Elected officials in San Jose are falling short when it comes to disclosing meetings with lobbyists. A review found the mayor and every city council member had contacts with lobbyists this year that were not disclosed on the officials’ public calendar. Local law requires lobbyists to file quarterly reports on their contacts with elected officials. The San Jose Mercury News said lobbyists reported 105 more such contacts this year than city officials did. Council members defended themselves by saying the undisclosed contacts were human error, they did not realize they were chatting with a lobbyist, or the contacts were unexpected run-ins or email communications the policy does not require them to report. Watchdogs say the discrepancy undermines the goals of transparency and deceives the public.
Florida – Hialeah Mayor Tries to Pay County’s $4K Ethics Fine in Pennies
Miami Herald – Brenda Medina | Published: 11/6/2015
Hialeah Mayor Carlos Hernandez finally decided pay the $4,000 fine the Miami-Dade County ethics commission imposed earlier this year on his business dealings. Hernandez sent the commission a truck stacked with 28 buckets filled with pennies to cover the fine. But his payment was not accepted. Apparently, the commission accepts only checks. “I paid it with American money, of the United States, and I have the right to do that,” said Hernandez.
New Hampshire – G.O.P. Candidates, Lagging, Rely on New Hampshire to Get Close
New York Times – Jonathan Martin | Published: 11/8/2015
Some Republican candidates are staking their presidential bids on an idea that seems increasingly quaint: that campaigning one on one in this small state can set you on the path to becoming president. It is a notion that is facing a rigorous test this election cycle, as the large Republican field, social media, and televised debates that attract massive audiences have reshaped the race like never before. The outcome in New Hampshire will echo beyond this election and reveal much about how the country chooses presidents, and whether the tradition of direct voting in the first-in-the-nation primary matters anymore. Its possible diminishment is already unsettling residents, who view their role of scrutinizing and winnowing the field of candidates as a solemn duty.
New York – Legislation Introduced to Tighten New York City Campaign Finance Rules
New York Daily News – Erin Durkin | Published: 11/9/2015
A package of bills to tighten New York City’s campaign finance rules was introduced in the city council. One bill would ban candidates from getting matching funds for donations raised by fundraisers who do business with the city. The legislation would also ban all candidates, including those who are not taking matching funds, from accepting contribution from political committees that are not registered with the city. Another bill would restrict contributions from businesses with numerous limited liability companies.
Pennsylvania – Pennsylvania Ethics Officials Crack Down on Lobbyists
Pittsburgh Tribune-Review – Kari Andren | Published: 11/11/2015
The Pennsylvania Ethics Commission is ramping up enforcement against groups that fail to file mandated quarterly expense reports, and the state House has approved a bill to up the ante for non-compliance by lobbyists and the groups they represent by dramatically increasing penalties for not abiding by disclosure rules. Thirty-one groups were cited for failing to file expense reports this year; fines and penalties total about $90,300. In 2014, the commission issued just 15 citations. The House bill would hike the maximum penalty imposed from $50 per day to a tiered system of $50 for the first 10 days, $100 for each of the next 10 days, and $200 for each late day after 20 days.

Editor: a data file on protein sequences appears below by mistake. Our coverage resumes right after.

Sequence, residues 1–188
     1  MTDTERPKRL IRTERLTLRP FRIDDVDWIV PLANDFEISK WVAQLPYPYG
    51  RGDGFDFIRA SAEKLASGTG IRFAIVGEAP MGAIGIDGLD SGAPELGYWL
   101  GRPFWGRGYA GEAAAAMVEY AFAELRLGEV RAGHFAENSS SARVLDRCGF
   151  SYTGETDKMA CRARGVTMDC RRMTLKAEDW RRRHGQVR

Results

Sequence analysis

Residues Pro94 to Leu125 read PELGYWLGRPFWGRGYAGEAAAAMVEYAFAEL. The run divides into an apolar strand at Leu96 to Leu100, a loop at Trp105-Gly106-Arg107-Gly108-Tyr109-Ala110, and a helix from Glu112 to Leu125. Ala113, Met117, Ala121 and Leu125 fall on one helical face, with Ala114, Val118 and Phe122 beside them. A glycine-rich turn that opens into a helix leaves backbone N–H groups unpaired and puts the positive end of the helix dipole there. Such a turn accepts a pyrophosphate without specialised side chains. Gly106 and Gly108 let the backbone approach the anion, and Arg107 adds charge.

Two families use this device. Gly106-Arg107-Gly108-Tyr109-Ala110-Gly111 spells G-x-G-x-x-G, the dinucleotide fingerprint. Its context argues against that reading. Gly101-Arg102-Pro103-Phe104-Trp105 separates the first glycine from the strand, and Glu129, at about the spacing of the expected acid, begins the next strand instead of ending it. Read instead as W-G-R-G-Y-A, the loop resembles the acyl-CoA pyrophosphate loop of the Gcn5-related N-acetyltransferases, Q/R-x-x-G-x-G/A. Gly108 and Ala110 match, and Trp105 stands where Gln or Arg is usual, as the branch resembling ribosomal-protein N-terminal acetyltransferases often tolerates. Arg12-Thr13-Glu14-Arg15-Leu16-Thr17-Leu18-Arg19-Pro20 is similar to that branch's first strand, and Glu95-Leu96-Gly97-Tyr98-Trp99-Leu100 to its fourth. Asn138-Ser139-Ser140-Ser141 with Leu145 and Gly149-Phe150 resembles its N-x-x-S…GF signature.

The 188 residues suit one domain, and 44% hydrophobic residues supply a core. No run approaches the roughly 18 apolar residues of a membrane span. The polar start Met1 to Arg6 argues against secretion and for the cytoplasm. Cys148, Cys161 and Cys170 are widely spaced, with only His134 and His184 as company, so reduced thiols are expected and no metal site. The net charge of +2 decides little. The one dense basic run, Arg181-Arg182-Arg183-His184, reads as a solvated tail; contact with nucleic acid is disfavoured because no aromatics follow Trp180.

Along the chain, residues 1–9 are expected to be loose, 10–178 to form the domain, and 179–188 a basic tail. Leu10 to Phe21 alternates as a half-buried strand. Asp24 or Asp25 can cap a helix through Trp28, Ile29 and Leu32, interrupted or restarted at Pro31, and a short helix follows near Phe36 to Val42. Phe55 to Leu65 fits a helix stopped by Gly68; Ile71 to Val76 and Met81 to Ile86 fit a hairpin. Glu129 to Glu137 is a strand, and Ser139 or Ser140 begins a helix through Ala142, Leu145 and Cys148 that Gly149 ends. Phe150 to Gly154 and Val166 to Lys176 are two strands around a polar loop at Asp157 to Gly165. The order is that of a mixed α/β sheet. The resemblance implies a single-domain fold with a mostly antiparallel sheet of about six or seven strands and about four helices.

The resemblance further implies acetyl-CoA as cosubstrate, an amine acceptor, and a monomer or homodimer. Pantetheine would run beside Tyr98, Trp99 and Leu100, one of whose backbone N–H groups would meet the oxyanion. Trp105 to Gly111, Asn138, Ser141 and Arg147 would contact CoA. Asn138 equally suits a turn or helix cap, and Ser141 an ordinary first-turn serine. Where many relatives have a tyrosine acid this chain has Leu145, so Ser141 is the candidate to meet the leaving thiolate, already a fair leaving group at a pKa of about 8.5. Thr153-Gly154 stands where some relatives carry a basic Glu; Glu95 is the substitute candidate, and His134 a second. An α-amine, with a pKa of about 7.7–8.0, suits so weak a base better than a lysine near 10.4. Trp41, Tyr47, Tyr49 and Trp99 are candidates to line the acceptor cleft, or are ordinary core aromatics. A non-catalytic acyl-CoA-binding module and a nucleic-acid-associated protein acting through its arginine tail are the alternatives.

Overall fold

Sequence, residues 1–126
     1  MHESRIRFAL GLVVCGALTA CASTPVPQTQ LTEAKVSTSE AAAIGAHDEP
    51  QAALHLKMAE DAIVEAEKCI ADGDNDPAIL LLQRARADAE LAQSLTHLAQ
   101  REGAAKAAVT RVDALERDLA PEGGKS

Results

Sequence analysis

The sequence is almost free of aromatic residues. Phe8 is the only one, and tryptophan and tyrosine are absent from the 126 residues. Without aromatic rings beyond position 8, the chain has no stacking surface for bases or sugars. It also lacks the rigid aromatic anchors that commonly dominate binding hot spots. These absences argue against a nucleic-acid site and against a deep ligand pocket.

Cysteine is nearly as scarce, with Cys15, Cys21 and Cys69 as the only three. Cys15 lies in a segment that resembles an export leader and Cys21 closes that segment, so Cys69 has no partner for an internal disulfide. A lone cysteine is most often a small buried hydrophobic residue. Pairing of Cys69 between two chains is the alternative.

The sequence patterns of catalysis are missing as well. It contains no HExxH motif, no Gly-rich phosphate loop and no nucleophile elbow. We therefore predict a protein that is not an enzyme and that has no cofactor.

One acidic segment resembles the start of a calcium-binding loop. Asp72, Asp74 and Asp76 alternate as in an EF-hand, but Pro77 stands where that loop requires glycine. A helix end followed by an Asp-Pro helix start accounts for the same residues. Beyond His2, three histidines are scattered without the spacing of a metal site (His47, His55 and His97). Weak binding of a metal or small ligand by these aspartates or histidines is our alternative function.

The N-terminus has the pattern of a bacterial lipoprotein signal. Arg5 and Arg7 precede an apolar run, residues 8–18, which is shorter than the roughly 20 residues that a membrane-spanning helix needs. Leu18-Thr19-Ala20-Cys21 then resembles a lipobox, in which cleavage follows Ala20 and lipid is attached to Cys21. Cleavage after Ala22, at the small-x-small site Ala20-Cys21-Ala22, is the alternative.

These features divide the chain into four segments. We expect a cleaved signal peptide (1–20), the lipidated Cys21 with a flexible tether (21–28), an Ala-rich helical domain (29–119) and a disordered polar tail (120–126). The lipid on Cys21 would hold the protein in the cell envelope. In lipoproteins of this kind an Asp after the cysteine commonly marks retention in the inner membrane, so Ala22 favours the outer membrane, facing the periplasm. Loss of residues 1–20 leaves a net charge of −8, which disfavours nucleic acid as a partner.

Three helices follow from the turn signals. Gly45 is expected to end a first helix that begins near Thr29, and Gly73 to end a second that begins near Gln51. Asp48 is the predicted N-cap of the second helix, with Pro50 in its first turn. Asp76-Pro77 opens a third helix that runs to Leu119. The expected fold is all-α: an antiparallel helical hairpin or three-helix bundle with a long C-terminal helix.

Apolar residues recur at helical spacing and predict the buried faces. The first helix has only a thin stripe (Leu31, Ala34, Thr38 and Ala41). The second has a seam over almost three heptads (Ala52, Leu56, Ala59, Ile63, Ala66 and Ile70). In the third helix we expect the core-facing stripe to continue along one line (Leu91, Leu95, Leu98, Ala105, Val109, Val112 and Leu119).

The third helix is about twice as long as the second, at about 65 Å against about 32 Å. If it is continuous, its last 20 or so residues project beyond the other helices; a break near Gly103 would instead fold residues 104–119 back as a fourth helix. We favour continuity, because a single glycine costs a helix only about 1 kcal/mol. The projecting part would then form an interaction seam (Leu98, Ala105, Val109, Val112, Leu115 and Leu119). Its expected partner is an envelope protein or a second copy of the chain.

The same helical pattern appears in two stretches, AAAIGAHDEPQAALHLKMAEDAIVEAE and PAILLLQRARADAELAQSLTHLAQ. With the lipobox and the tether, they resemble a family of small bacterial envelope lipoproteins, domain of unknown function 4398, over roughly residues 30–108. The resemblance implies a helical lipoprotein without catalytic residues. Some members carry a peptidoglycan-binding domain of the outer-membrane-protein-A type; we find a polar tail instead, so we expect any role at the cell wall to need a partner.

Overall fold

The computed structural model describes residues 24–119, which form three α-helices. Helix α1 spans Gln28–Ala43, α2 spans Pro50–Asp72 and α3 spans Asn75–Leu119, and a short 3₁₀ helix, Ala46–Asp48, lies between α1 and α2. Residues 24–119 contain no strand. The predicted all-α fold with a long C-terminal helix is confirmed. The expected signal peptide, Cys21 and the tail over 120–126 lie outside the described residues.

Texas – Ethics Commission Recommends Controversial Lobbying Ordinance
Austin Monitor – Jack Craver | Published: 11/12/2015
The Ethics Review Commission recommend to the Austin City Council a resolution aimed at overhauling city lobbying rules. A revised draft crafted by a commission working group incorporated some of the concerns expressed by developers. Stuart Sampley, president of the Austin chapter of the American Institute of Architects, said the ordinance unfairly targeted development, design, and architectural professionals and misrepresented their day-to-day interactions with city officials as lobbying. The recommendations from the working group urged city staff to explore a number of potential negative effects of stricter lobbying requirements. Backers of the reform hope the measure will be on the agenda for council at its last meeting of the year on December 17.
Washington – Seattle’s Experiment with Campaign Funding
The Atlantic – Russell Berman | Published: 11/9/2015
Starting in 2017, Seattle residents will be able to contribute to local candidates without spending a dime of their own money. Instead, the government will send each registered voter four $25 vouchers that they can give to candidates of their choice. Candidates can opt out, but those who participate will have to abide by strict limits on spending and on receiving private donations. “The promise of vouchers is turning every single voter in the city into a donor,” said Alan Durning, the executive director of the Sightline Institute, a think tank and advocacy group that pushed for the new program. Critics have said the measure’s design will benefit incumbents and entrenched political organizations who do not need any extra boost.
Wisconsin – Senate GOP Votes to Overhaul Campaign Finance, Revamp Board
Albany Times Union – Todd Richmond (Associated Press) | Published: 11/7/2015
The Wisconsin Senate approved, with changes, a pair of bills altering the state’s campaign finance and election oversight rules. They will now return to the Assembly, which must approve the changes before sending the bills to Gov. Scott Walker. Republicans backing the proposals say they are necessary to bring the state’s statutes in line with court rulings and to protect First Amendment rights to free speech. Democrats argue the bills, along with one limiting the scope of crimes that can be investigated in so-called John Doe probes, would open the door for corruption and expand the influence of money in politics.